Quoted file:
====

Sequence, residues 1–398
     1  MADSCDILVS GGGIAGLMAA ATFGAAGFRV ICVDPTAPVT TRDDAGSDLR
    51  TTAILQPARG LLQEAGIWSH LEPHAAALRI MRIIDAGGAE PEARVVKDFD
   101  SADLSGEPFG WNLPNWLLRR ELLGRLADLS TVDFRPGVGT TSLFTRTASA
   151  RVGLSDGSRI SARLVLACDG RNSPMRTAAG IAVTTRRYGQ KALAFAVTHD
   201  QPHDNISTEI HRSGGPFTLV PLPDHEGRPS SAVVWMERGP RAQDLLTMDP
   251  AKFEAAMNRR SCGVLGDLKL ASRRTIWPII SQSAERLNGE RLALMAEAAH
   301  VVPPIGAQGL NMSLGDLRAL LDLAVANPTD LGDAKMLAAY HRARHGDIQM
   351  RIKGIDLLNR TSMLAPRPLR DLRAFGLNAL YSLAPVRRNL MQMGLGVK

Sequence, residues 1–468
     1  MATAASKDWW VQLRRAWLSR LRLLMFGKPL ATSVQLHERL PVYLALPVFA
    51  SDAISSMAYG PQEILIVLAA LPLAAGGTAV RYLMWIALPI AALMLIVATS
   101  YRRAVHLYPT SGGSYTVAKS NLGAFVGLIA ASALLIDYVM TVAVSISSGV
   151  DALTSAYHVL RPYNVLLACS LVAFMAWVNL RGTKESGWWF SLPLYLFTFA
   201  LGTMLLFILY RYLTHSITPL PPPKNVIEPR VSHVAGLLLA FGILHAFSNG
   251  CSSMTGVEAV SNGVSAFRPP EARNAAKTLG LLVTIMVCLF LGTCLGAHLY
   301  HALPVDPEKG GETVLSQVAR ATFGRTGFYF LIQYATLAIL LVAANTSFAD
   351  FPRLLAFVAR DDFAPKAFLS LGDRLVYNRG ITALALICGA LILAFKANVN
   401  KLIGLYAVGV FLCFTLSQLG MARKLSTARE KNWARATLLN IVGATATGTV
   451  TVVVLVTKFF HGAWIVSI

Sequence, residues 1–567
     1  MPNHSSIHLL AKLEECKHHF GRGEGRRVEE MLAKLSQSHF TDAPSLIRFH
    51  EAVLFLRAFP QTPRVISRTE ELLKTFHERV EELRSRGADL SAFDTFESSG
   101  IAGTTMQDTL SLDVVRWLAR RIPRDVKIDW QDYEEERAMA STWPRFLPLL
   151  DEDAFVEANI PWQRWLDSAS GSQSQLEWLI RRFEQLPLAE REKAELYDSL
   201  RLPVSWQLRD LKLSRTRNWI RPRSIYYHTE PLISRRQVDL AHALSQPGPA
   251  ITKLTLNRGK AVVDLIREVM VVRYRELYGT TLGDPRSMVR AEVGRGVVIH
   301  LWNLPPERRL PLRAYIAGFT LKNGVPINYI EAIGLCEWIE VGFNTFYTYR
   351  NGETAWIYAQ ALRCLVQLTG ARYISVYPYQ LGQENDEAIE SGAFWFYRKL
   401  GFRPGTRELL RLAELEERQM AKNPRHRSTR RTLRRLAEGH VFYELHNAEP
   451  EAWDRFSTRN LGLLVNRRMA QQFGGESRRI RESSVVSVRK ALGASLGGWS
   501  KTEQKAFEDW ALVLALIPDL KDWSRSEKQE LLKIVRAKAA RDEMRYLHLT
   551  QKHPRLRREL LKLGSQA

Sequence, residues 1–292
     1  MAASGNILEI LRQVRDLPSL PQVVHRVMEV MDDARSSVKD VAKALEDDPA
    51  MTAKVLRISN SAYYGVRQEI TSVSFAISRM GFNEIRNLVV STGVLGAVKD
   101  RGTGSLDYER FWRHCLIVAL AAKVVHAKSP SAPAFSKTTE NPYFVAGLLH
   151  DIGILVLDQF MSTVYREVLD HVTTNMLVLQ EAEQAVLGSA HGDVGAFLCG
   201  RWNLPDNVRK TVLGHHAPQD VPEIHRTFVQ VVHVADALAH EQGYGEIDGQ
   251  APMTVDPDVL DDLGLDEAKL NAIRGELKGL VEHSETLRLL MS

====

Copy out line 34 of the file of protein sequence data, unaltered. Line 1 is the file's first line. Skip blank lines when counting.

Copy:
Sequence, residues 1–292